Currituck Education Foundation awards mini-grants

Published 4:07 pm Thursday, April 11, 2024

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Four projects supporting Currituck County Schools were awarded mini-grant funding during the  March 19, 2024  virtual meeting of the Currituck Education Foundation.

Chavaleh Nophsker, of Dr. WT Griggs Elementary School, was awarded $500 for “The Walking Classroom” to purchase “walking kits,” which are individual wearable devices, loaded with more than 150 podcasts pertinent to concepts taught in third through fifth grade. The Walking Classroom is a Science and Social Studies-aligned curriculum delivered through 15-20 minute podcasts. The topics range from the Revolutionary War to the circulatory system, and are narrated by a teacher (the Walking Classroom founder) and a group of her students.

Amanda Lowman, of Currituck County High School, was awarded $500 for “Foreign Language Communication on Familiar Platforms” to purchase supplies for a student communications lab and green screen room. Rather than having a final exam, students will have a comprehensive and collaborative final project that incorporates all four key skill sets from NCSCOS standards: interpretive reading, interpretive listening, presentational speaking and presentational writing.

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Kelsey McCluster, of Central Elementary School and Knotts Island Elementary School, was awarded $500 for “Family Connection Summer Series” for supplies for Family BINGO Day, an ice cream social and Family Open House Day.

Winter Turner and Katrina Costello, of Moyock Elementary School, were awarded $500 for “Engaging with Animal Adaptations” to purchase science lab supplies for animal adaptations and survival: Bird Beaks Lab, Blubber Lab, and Owl Pellets Lab. During the Bird Beaks Lab, students will be presented with a variety of materials that represent different soil types, insects and different beak types of birds. Groups will make predictions as to which beak will grasp its prey best and then test and record their findings. Cooperative groups will complete the Blubber Lab by creating a layer of blubber to protect their hands from iced water and discuss adaptations for surviving in a frigid environment. During the Owl Pellets Lab, students will research owls and how they have adapted to digest their prey. Students will make connections on how owls have adapted to “cough up” the undigested stomach contents in order to survive, while the nutrients and protein were absorbed during the process.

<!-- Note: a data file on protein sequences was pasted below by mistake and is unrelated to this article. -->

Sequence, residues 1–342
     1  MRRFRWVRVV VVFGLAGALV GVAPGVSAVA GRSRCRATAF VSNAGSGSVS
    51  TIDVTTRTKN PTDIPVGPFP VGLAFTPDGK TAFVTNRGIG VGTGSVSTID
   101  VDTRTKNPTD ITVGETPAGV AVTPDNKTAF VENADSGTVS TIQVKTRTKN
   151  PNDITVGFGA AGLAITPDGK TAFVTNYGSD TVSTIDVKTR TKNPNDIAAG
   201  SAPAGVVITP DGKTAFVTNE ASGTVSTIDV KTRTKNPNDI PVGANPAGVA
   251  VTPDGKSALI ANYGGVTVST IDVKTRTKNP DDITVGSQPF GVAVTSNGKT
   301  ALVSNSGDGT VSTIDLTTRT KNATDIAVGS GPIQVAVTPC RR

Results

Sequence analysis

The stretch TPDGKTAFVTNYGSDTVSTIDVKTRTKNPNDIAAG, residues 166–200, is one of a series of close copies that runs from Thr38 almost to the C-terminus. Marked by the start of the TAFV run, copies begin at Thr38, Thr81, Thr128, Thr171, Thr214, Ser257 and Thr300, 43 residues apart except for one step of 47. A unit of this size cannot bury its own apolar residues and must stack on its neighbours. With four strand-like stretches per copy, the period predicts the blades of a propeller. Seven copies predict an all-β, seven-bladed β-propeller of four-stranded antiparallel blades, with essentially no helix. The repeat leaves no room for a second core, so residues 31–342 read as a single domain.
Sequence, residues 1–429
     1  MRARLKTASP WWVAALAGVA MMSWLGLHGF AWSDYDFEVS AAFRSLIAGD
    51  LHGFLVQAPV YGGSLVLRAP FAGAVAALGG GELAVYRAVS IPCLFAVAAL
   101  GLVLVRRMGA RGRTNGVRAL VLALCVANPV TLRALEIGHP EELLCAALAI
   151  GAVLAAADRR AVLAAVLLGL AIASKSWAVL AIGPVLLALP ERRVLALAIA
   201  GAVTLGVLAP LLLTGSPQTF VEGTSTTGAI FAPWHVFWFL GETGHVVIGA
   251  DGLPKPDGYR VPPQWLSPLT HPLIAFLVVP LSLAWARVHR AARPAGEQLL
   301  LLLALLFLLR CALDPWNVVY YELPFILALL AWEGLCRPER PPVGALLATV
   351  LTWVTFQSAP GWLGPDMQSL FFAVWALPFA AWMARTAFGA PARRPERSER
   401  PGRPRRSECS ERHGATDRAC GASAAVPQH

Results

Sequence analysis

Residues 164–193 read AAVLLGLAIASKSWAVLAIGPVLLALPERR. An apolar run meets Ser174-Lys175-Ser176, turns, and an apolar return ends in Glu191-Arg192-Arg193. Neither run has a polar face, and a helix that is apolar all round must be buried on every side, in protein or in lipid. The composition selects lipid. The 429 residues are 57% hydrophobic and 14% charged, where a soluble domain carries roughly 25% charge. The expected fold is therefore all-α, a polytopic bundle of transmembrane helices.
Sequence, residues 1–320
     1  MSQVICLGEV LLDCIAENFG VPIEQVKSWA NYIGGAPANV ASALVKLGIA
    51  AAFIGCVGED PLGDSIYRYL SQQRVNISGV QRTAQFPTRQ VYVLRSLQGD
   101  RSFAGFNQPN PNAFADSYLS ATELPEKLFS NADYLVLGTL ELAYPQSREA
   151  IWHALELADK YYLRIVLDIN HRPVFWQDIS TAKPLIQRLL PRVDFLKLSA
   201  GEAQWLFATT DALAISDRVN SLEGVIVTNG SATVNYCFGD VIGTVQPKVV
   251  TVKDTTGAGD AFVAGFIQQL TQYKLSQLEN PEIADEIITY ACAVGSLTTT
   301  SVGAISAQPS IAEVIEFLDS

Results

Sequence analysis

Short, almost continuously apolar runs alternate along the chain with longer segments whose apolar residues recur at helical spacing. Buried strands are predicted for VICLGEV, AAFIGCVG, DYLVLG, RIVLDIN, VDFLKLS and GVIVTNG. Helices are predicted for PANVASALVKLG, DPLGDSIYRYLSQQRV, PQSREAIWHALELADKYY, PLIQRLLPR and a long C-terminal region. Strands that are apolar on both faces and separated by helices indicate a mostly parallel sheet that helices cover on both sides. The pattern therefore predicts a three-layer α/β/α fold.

The Currituck Education Foundation, Inc. is a 501(c)(3) organization supports public education in Currituck County. For more information on how to be involved or to make a donation, visit